Eat Up, Chill Out, Moroccan-Style
Lie back, relax and let the cuisine and atmosphere at Ketama satiate your senses.
By Jillian Ong
As our eyes slowly adjusted to the almost pitch-black interior, a large, bulbous tree-like structure appeared, looming ahead in the center of an otherwise small dining hall. Having already exchanged our shoes for soft cloth Arabian slippers, we padded our way through a sea of carpets, into the hollowed-out centerpiece and up through its interior, emerging on our own miniature private balcony. We reclined comfortably amongst the scattered rugs and cushions, surveying our surroundings through the pointy tips of our slippered feet with some bemusement.
To describe a setting as minimalist Moroccan might seem a contradiction in terms, but the owners of this new cafe have somehow managed to create a space that reflects the rich, lush elements of classical Arabic design while remaining stylish and tasteful. From the patterned silk-lined ceiling to the intricately carved wooden hexagonal tables inlaid with traditional brass and copper designs, it’s clear that careful attention has been paid to every last detail of the interior. Contemporary Middle Eastern music playing softly in the background and a faint aroma of incense add to the chilled-out atmosphere. The overall effect is modern, cozy and almost soporific, and it was with a touch of reluctance that we heaved ourselves into a more upright position to examine the menu.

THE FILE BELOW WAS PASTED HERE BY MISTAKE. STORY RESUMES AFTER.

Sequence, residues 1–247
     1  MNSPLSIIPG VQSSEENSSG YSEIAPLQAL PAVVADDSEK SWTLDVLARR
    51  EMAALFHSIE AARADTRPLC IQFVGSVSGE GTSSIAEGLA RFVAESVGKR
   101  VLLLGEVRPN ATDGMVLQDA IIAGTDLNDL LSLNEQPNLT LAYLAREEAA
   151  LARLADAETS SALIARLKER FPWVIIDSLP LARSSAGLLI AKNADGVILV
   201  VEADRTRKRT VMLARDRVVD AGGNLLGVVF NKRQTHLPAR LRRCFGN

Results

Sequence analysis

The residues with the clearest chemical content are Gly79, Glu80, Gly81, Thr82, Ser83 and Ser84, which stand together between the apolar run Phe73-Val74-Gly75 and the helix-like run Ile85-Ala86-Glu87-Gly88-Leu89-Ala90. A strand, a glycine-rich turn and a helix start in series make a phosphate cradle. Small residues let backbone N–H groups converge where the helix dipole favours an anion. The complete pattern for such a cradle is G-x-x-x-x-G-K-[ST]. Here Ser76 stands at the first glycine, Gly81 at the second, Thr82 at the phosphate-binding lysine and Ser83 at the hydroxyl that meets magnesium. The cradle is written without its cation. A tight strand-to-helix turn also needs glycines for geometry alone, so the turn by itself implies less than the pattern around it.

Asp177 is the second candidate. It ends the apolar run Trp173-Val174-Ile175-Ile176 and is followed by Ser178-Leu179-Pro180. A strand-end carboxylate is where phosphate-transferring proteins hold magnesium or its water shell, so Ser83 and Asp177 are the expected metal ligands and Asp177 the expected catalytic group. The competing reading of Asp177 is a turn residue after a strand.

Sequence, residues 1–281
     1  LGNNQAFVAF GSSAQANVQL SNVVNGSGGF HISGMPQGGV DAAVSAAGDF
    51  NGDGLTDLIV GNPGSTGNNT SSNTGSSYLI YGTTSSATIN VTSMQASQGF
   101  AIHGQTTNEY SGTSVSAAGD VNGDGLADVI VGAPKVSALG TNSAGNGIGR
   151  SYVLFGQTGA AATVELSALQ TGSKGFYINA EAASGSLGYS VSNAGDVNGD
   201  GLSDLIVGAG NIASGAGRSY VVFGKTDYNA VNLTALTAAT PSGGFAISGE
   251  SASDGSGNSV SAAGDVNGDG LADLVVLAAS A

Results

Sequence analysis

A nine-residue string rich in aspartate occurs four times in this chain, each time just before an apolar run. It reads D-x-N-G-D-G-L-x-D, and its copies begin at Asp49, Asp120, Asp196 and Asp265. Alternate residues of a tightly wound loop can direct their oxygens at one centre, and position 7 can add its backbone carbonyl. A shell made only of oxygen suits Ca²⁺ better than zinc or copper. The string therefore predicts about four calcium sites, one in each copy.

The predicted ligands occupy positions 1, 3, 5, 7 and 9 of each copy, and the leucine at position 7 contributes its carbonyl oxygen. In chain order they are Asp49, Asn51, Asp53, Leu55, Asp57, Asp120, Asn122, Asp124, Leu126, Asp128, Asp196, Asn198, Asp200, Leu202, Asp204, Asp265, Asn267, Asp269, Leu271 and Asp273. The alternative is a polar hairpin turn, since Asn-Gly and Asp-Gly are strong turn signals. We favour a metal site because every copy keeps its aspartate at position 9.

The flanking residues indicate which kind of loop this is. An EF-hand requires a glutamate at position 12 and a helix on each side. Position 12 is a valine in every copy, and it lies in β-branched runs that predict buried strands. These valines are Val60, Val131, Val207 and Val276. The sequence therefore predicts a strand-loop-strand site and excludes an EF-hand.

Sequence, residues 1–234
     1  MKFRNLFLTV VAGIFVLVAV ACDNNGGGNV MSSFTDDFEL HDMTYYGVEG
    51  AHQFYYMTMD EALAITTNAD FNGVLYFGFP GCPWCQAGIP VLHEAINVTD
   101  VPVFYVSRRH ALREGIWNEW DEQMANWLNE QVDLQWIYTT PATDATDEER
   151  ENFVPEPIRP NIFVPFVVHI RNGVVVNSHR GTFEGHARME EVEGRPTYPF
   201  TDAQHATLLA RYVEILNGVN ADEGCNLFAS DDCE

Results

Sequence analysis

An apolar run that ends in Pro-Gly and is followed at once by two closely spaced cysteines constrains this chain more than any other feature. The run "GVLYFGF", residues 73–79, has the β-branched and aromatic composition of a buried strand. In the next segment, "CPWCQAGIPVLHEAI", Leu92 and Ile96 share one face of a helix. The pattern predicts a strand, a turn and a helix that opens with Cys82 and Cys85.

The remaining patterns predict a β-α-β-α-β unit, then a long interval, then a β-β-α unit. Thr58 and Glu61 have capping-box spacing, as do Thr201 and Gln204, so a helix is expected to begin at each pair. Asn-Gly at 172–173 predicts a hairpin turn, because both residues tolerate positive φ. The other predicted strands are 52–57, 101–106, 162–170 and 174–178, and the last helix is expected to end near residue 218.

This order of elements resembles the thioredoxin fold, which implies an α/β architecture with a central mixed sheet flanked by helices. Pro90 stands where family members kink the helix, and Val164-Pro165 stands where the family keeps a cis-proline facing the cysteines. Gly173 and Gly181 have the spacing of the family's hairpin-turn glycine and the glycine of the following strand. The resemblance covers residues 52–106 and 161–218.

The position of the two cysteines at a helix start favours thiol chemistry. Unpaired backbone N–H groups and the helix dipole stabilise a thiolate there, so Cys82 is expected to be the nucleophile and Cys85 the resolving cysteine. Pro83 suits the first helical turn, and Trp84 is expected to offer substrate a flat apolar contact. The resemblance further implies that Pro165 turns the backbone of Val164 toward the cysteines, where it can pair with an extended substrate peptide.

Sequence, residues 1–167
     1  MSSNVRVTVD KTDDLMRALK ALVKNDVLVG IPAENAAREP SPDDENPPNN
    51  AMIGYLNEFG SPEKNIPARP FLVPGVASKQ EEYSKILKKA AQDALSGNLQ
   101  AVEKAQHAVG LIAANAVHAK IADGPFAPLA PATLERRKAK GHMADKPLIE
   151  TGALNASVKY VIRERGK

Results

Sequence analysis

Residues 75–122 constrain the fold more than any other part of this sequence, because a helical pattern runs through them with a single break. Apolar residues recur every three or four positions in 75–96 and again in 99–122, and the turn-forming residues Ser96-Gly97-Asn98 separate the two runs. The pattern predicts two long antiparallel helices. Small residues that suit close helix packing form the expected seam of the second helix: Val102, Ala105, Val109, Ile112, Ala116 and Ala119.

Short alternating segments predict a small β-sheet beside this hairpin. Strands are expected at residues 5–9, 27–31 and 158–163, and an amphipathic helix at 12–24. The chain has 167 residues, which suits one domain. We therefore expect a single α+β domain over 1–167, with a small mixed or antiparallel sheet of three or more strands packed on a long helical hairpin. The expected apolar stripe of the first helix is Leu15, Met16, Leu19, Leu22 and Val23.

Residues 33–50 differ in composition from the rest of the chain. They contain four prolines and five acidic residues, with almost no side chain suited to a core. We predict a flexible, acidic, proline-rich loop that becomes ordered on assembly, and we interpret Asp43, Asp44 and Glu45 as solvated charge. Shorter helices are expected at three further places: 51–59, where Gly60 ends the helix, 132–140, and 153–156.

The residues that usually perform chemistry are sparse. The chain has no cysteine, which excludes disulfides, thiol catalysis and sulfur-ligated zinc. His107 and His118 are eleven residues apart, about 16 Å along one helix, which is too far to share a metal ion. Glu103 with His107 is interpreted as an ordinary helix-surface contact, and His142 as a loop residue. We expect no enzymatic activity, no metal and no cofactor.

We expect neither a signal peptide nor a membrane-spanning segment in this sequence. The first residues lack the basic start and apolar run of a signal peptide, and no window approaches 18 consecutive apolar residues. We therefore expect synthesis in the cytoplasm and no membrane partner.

In contrast to the decor, the cuisine is primarily modern European with a few North African influences. Cold appetizers range from a spinach and couscous salad (242 rubles) to terrine (292 rubles), while hot starters include chickpea soup (162 rubles), lamb bruschetta (234 rubles) and several different types of briwat (a popular street snack of deep-fried pastries with savory or sweet fillings). The green salad dressed with sesame oil (197 rubles) and chicken and spicy bean briwat (254 rubles) are both well-seasoned and flavorful yet delicate.
The mains are adventurous and include duck stuffed with shrimp (498 rubles), veal medallions (392 rubles) and salmon (386 rubles). While taking turns to hold the tiny penlight in order to see what we were eating, we shared a disappointingly tasteless chicken couscous (410 rubles). Fortunately, we had better luck with the chicken fillet (367 rubles), creatively stuffed with couscous and fig, and an excellent dish of tender lamb chops in a prune and caraway sauce (493 rubles). For dessert, we contemplated the baklava (199 rubles) or the intriguingly-named cheese pie Mohammed, but decided instead just to collapse back down onto the cushions and contentedly sip the fabulous mint tea (145 rubles).
Ketama’s laidback ambiance and extensive cocktail menu make it an ideal venue for afternoon, evening or even late-night drinks, while its refined decor and thankful lack of tawdry extras like belly dancers create an agreeable (albeit overly dim) dinner environment. All things considered, this new cafe will undoubtedly be a success with groups of friends and pairs of nuzzling lovers alike.